Even more interesting is that most of the U.S. sectors are now yellow or light green with only “Great Companies” and “Metals and Mining” being brown.  There are four green sectors which, in order of their SQN 100 scores, are: Utilities, Consumer Staples, Pharmaceuticals, Homebuilders, and Health Care.
Most of Europe is still brown, with the exception of Sweden and the UK which are now yellow.  Africa is also yellow.  Most of Asia is brown, with India being red (i.e., the worst country right now). 

Interestingly enough, most currencies are now red, with the Euro and the Rupee and the Swiss Franc being the worst.   The U.S. dollar is the strongest currency (though only temporarily, I believe) with no others being green.
All of these are shown in the chart below.


Click here to view larger chart

Other Asset Classes, Strongest/Weakest ETFs
The next table shows the relative performance of commodities, real estate, and interest rates on the left hand side with the strongest and weakest areas of all of the ETFs shown on the right.   We see some greens in these asset classes, but it is all in bonds as in previous months and in one new surprise for this month, Oil.  In a nutshell, this table shows you where all the money in the markets has gone.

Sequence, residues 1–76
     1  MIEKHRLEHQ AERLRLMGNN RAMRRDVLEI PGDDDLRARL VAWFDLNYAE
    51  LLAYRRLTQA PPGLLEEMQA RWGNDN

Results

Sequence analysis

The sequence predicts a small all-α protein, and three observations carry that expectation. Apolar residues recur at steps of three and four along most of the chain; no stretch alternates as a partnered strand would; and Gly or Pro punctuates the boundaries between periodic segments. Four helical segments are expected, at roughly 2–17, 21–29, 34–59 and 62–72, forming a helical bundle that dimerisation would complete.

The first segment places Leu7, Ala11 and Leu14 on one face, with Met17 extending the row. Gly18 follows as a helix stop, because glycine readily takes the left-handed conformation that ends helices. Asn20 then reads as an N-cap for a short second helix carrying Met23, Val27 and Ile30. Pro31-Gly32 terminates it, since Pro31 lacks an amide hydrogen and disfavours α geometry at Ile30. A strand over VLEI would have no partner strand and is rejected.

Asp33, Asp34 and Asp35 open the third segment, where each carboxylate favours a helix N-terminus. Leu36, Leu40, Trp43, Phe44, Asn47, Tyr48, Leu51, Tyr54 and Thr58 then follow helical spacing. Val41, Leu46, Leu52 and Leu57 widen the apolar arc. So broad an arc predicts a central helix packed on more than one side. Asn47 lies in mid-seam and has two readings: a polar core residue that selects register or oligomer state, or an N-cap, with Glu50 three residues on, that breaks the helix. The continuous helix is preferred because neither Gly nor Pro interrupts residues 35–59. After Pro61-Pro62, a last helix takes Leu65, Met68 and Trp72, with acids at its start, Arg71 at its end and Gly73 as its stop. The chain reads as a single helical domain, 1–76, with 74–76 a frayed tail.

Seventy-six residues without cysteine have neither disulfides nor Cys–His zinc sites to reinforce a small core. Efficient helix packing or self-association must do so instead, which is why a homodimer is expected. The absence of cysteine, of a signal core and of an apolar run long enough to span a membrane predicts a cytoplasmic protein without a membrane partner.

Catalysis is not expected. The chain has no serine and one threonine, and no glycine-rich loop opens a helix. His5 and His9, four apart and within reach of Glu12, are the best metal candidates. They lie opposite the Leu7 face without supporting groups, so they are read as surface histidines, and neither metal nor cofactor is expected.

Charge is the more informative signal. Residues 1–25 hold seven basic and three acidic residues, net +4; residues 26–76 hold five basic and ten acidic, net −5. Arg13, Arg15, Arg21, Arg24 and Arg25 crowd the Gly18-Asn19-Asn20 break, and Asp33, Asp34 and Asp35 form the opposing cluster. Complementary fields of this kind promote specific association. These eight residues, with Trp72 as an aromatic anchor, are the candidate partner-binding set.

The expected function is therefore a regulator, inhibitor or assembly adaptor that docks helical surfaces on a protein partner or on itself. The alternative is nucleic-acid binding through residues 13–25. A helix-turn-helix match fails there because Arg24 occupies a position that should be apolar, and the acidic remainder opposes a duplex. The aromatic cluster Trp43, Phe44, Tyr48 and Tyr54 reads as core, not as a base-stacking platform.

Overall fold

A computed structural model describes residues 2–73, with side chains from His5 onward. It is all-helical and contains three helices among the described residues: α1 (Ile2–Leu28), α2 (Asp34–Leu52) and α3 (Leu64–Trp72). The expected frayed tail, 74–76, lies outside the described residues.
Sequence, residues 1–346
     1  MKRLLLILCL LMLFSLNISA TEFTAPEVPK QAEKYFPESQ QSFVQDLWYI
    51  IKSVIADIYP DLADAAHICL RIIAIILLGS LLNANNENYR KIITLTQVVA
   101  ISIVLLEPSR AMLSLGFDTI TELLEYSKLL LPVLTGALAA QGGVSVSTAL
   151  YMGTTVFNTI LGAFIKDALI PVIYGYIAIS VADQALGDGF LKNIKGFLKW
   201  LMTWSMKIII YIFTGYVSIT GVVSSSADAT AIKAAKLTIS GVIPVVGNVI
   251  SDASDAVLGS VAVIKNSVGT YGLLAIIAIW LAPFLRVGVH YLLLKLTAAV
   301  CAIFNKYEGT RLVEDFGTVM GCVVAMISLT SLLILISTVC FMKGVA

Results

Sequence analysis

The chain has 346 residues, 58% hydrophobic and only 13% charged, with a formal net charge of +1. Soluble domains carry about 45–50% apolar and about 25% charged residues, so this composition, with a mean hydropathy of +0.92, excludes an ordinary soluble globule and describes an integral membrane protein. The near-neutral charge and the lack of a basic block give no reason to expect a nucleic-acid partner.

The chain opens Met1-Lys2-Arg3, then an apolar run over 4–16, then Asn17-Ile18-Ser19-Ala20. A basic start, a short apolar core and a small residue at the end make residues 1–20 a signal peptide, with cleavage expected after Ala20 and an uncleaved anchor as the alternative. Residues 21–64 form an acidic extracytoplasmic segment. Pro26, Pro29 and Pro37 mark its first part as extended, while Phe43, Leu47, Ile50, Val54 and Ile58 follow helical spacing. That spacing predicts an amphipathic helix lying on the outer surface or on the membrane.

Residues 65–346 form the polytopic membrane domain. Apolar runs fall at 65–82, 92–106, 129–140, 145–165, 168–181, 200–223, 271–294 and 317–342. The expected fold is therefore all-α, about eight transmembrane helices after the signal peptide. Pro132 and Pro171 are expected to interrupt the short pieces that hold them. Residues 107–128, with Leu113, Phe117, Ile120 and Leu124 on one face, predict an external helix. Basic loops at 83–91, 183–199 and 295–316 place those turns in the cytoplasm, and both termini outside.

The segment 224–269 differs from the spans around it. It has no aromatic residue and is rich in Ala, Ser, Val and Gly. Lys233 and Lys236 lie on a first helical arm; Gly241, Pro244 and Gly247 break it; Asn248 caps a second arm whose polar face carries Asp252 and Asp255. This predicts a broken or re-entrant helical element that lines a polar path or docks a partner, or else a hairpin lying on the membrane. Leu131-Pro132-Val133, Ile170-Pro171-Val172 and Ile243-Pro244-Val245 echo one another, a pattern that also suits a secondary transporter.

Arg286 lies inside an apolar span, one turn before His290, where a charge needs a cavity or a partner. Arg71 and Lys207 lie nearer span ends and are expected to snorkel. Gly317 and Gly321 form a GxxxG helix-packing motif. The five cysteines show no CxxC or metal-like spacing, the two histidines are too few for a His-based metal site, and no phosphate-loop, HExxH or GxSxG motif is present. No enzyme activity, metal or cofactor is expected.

Many of the commodities are now brown (e.g., blended commodities, gold, steel, coal, and livestock).   Silver, base metals, agriculture, and natural gas are all red.   Natural gas seems to perpetually be in the red, which might be something to watch.

Interest rates are at extreme lows and the amount of debt is very high.  Interest rates, therefore, will have to shoot up at some point in the future.   When interest rates do finally explode, the price of these instruments will crash.  Yet big money has fled to interest rate products for “safety.”  Isn’t this a bit ironic? 

Safety is not found in an asset class but in smart trading.   I wrote that sentence last month and I really like it, so I’m leaving it in – there is no safety is any particular asset class.

sqn 2

What's Going On?

My world model SQN® scores give you a clear snapshot of what is going on in the markets.   While we have record low interest rates, lots of money has fled to a very dangerous place: government bonds.

This month, possibly because of the strength of the dollar, money has started to move into the U.S. and our sectors and indices are all now yellow.   While this might be an interesting trend to watch, I’m unexcited about a strengthening US dollar given the big picture I described in this month’s market update above.  Long term, there are no exciting investments in sight.

On a short-term basis, what might be promising today will probably lose money tomorrow.  But that is the climate we have in the world economy.  

Until next month, this is Van Tharp.  Take care and trade well.


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January 04, 2012 - Issue 558

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Happy New Year!

May your 2012 be filled with happiness and prosperity!